Profitability ratios assess a company’s ability to generate profits from its operations. Three commonly used profitability ratios are:

a) Gross Profit Margin = (Gross Profit / Net Sales) x 100

The gross profit margin indicates the percentage of sales revenue that exceeds the cost of goods sold. A higher margin indicates higher profitability. Ford’s gross profit margin can be calculated as:

Gross Profit Margin = ($33,603 million / $156,776 million) x 100 = 21.41%

b) Operating Profit Margin = (Operating Income / Net Sales) x 100

The operating profit margin measures a company’s profitability from its core operations. Ford’s operating profit margin can be calculated as:

Operating Profit Margin = ($6,306 million / $156,776 million) x 100 = 4.02%

c) Return on Equity (ROE) = Net Income / Total Equity

ROE measures a company’s profitability relative to its shareholders’ equity. A higher ROE indicates better profitability. Ford’s ROE can be calculated as:

ROE = $3,677 million / $73,267 million = 5.02%

Efficiency Ratios:

Efficiency ratios assess a company’s ability to manage its assets and liabilities effectively. Two commonly used efficiency ratios are:

a) Inventory Turnover Ratio = Cost of Goods Sold / Average Inventory

The inventory turnover ratio measures how efficiently a company is managing its inventory by calculating how many times the inventory is sold and replaced within a given period. A higher ratio indicates that inventory is being managed effectively. Ford’s inventory turnover ratio can be calculated as:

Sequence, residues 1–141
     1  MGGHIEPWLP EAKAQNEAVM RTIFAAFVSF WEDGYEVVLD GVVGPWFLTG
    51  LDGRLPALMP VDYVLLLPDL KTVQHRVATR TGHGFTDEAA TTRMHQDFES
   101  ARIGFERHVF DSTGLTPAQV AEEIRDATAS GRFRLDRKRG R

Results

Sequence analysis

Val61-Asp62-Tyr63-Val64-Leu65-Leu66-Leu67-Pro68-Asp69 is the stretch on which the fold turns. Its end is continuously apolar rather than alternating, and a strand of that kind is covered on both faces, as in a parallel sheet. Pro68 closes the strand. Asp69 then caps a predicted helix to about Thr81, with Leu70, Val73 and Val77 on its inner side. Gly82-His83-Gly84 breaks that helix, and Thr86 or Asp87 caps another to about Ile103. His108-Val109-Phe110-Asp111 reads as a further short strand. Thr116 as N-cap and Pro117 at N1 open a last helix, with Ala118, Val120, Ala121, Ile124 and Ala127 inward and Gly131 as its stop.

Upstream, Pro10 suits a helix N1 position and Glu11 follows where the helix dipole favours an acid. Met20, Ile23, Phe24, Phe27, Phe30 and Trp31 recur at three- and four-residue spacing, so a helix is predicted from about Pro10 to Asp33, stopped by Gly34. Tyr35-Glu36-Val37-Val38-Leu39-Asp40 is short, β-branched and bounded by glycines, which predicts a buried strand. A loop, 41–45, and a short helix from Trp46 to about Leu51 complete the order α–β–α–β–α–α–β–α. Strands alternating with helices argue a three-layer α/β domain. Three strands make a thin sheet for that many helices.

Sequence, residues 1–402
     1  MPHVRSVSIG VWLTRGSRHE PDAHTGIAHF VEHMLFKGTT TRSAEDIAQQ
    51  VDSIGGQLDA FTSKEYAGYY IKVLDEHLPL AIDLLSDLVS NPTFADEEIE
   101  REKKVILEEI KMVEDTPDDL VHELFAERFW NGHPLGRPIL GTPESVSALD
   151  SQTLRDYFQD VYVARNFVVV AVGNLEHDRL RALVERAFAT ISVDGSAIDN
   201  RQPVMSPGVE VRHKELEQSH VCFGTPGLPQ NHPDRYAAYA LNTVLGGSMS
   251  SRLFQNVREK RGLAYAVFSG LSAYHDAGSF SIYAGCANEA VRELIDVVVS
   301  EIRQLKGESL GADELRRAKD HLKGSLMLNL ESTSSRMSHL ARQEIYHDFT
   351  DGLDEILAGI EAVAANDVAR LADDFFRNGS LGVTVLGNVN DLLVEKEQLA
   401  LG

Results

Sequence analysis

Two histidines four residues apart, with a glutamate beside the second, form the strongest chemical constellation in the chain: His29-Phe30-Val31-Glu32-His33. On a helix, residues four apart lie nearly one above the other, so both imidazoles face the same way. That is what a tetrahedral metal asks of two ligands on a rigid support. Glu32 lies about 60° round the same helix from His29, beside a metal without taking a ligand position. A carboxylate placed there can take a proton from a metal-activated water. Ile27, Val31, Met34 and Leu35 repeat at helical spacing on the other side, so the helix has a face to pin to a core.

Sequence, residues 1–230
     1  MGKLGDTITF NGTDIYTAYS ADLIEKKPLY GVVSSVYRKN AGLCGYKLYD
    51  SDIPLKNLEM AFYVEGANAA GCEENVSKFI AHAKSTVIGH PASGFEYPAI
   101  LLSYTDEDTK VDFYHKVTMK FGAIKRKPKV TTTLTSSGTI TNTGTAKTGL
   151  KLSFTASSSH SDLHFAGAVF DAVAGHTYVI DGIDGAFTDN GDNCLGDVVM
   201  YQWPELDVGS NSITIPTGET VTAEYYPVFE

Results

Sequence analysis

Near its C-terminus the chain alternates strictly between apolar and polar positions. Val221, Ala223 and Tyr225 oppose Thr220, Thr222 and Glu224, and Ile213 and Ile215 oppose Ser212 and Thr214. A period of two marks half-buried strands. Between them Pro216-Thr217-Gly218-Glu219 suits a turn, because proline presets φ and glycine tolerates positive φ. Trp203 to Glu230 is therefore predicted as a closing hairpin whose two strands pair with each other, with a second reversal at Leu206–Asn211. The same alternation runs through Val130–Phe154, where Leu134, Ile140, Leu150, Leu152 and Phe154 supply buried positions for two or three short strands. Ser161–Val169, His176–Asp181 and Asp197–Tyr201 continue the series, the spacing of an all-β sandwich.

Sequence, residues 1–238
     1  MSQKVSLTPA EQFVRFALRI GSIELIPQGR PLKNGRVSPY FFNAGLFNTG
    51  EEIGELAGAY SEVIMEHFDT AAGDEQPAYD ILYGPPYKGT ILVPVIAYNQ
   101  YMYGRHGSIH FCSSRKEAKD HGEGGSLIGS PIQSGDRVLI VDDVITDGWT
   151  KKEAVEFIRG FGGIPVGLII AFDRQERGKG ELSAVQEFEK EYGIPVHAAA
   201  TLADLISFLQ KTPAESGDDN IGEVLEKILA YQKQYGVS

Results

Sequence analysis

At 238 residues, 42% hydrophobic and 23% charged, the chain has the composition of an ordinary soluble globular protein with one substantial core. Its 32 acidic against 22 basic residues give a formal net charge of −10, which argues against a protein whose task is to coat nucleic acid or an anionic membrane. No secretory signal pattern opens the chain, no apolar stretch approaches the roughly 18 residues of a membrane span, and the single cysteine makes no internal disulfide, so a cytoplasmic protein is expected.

Inventory Turnover Ratio = $141,724 million / (($44,156 million + $42,659 million) / 2) = 3.27

b) Days Sales Outstanding (DSO) = Accounts Receivable / (Net Sales / 365)

The DSO ratio measures the average number of days it takes for a company to collect payments from its customers after a sale is made. A lower DSO indicates a shorter collection period and better management of accounts receivable. Ford’s DSO can be calculated as:

DSO = $17,435 million / ($156,776 million / 365) = 40.57 days

In conclusion, Ford Motor Company’s financial ratios reveal important insights into its financial performance. The liquidity ratios indicate that Ford may need to improve its short-term liquidity position as both the current ratio and quick ratio are below 1, which may indicate potential liquidity risks. The solvency ratios show that Ford has a moderate level of long-term debt relative to equity, but it may need to be cautious about its interest coverage ratio, which is relatively low. The profitability ratios show that Ford’s gross profit margin and operating profit margin are moderate, while the return on equity (ROE) is relatively low, indicating potential areas for improvement. Lastly, the efficiency ratios indicate that Ford may need to work on managing its inventory and accounts receivable more efficiently.

It’s important to note that ratio analysis should not be solely relied upon when evaluating a company’s financial health, and other factors such as industry benchmarks, qualitative factors, and future prospects should also be considered for a comprehensive analysis. Additionally, financial ratios should be interpreted in the context of the company’s specific circumstances and compared with industry standards for a more meaningful assessment.